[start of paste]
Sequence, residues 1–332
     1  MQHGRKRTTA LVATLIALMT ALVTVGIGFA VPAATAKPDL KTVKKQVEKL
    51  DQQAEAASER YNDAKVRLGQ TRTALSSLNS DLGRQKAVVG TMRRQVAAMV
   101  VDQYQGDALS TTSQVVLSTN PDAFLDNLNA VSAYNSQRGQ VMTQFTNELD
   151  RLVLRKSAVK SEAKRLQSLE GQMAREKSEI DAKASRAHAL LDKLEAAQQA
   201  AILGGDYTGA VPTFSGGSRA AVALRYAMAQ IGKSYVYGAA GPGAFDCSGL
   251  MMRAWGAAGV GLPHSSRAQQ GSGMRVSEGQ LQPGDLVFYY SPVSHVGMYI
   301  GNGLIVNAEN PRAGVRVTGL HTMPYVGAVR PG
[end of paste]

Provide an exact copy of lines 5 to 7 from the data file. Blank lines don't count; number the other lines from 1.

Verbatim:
   151  RLVLRKSAVK SEAKRLQSLE GQMAREKSEI DAKASRAHAL LDKLEAAQQA
   201  AILGGDYTGA VPTFSGGSRA AVALRYAMAQ IGKSYVYGAA GPGAFDCSGL
   251  MMRAWGAAGV GLPHSSRAQQ GSGMRVSEGQ LQPGDLVFYY SPVSHVGMYI